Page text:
Check this out.

Despite those who romanticize depression as the wellspring of artistic genius, studies find that people are most creative when they are in a good mood, and now researchers may have explained why: For better or worse, happy people have a harder time focusing.

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As for the myth of the depressed but brilliant artist, Anderson speculates that creativity may be a form of self-medication, giving a gloomy artist the chance to adopt a cheerful disposition.

I’m often surprised at how these studies miss the point entirely. Sometimes I get the impression that people who study happiness have no idea what they’re looking for, so they waste their time answering redundant questions and then trying to make a case for causality.

I do not believe that the depression-creativity link is a “myth.” Here’s why: there are two major stages in any creative enterprise. The first is raw creativity, which we can describe as the ability to generate ideas and concepts that will, eventually, translate into some form of unique art or solution. The second stage in this process is actually following through.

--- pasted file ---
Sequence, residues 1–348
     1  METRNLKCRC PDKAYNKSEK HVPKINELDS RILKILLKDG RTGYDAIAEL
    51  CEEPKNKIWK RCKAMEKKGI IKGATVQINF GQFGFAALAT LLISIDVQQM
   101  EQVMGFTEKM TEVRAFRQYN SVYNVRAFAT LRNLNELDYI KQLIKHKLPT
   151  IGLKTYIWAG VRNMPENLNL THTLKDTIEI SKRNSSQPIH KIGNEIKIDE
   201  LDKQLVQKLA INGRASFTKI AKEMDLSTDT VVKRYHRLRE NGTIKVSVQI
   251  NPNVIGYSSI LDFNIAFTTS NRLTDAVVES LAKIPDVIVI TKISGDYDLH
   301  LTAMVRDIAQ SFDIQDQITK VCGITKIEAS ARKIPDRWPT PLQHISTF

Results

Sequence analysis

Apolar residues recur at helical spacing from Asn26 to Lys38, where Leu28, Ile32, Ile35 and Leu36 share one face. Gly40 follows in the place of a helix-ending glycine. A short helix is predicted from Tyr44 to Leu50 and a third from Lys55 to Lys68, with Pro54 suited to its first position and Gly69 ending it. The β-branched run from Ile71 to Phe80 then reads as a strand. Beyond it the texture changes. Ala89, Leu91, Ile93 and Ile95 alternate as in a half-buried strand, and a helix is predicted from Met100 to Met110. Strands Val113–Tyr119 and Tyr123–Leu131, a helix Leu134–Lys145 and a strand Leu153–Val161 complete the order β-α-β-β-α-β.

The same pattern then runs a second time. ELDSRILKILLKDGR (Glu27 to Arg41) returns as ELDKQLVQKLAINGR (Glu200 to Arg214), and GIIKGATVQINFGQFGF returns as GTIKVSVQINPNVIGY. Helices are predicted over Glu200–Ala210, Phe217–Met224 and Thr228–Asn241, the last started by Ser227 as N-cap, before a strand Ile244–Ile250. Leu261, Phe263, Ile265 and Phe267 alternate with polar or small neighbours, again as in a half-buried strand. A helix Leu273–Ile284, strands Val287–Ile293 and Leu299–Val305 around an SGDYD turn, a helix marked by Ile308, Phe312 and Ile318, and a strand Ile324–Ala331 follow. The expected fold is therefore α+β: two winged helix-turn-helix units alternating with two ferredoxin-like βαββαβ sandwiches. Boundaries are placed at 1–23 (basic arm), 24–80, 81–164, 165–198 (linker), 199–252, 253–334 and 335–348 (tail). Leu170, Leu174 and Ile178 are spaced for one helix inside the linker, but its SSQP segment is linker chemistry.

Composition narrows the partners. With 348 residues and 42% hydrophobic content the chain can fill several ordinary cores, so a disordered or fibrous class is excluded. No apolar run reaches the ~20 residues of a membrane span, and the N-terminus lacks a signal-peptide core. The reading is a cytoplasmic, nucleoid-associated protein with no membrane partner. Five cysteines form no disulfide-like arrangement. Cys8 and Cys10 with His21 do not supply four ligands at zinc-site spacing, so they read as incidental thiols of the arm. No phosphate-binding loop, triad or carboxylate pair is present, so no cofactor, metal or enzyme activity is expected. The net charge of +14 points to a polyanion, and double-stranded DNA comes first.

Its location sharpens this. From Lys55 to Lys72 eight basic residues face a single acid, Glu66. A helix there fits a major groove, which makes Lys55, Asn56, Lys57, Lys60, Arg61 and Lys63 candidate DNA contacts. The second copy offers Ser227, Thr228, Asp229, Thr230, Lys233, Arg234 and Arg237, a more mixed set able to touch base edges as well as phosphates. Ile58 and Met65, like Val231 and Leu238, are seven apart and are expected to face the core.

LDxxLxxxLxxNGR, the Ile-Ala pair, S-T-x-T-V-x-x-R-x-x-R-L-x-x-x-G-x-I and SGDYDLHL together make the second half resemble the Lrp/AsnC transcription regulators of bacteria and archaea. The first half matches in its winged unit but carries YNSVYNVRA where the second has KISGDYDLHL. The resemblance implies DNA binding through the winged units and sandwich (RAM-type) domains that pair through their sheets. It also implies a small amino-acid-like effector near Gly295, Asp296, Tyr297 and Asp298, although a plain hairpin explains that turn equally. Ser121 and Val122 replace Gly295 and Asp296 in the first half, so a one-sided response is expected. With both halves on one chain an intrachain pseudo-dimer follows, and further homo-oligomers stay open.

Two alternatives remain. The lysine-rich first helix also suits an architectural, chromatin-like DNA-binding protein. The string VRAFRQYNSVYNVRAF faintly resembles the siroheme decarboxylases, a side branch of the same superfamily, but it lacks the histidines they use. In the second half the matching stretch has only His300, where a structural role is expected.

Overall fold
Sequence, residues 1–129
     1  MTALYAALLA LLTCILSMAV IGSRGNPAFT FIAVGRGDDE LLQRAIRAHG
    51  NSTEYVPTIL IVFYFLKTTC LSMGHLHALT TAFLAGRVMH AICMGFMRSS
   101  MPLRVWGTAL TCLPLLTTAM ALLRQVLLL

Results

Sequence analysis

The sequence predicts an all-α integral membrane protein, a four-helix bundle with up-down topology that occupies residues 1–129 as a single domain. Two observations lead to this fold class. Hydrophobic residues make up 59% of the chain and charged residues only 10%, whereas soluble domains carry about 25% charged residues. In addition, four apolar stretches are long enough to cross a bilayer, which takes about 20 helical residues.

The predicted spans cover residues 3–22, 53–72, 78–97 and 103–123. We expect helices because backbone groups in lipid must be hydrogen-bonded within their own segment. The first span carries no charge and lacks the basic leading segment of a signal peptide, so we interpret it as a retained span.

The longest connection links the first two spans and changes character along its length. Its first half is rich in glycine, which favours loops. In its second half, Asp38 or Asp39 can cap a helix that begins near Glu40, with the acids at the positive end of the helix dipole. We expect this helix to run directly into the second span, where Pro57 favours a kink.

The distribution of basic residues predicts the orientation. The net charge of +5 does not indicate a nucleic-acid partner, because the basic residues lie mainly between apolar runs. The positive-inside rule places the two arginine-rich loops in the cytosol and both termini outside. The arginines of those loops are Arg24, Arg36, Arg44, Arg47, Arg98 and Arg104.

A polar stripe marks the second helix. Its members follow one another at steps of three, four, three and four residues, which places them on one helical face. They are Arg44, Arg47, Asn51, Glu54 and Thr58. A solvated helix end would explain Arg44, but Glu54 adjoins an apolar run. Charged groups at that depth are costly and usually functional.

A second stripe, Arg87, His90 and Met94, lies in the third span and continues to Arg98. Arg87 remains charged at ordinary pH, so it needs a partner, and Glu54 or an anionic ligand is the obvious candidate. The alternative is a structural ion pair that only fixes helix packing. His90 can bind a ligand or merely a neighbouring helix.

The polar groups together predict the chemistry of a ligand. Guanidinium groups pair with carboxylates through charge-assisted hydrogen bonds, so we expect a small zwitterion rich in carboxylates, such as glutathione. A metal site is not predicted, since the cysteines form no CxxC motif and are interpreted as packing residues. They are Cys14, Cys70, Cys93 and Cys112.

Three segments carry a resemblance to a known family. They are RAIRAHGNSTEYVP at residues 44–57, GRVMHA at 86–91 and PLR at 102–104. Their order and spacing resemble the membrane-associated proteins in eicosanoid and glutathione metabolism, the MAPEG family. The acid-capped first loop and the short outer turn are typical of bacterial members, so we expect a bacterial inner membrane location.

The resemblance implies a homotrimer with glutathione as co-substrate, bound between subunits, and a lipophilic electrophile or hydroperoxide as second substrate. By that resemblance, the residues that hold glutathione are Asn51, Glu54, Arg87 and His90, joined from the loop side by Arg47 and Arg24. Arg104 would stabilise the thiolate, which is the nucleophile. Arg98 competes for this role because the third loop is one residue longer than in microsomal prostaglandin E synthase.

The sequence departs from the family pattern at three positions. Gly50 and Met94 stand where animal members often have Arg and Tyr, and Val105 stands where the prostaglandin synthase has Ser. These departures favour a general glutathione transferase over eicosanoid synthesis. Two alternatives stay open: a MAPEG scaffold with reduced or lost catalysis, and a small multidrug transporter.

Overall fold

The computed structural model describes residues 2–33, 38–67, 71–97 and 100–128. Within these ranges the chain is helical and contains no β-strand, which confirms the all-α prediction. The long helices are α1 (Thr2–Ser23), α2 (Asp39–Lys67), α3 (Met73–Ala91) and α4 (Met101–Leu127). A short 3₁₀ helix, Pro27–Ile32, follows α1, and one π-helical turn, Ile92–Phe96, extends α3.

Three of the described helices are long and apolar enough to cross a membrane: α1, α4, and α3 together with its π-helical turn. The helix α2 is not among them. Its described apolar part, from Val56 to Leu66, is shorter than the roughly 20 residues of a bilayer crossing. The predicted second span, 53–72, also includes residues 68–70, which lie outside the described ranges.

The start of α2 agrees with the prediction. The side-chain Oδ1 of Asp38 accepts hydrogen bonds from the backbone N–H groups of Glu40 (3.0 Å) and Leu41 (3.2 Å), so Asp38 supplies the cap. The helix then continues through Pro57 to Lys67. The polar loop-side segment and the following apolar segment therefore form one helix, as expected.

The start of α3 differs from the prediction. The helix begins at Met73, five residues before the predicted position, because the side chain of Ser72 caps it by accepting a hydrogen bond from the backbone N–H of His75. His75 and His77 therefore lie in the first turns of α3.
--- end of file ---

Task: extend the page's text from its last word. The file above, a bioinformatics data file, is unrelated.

So, given this study’s findings, I think it’s contradicted itself. If depressed people have “laserlike” attention, then it follows that they’re more likely to follow through with their creative enterprises, while happy people — who are full of ideas — will not spend much time on any one idea, thus producing nothing.

I’m not trying to make an argument for depression, just that some scientists seem to be unable to fully understand their own results, and this type of nonsense is what generates massive income for the snake-oil salesmen.

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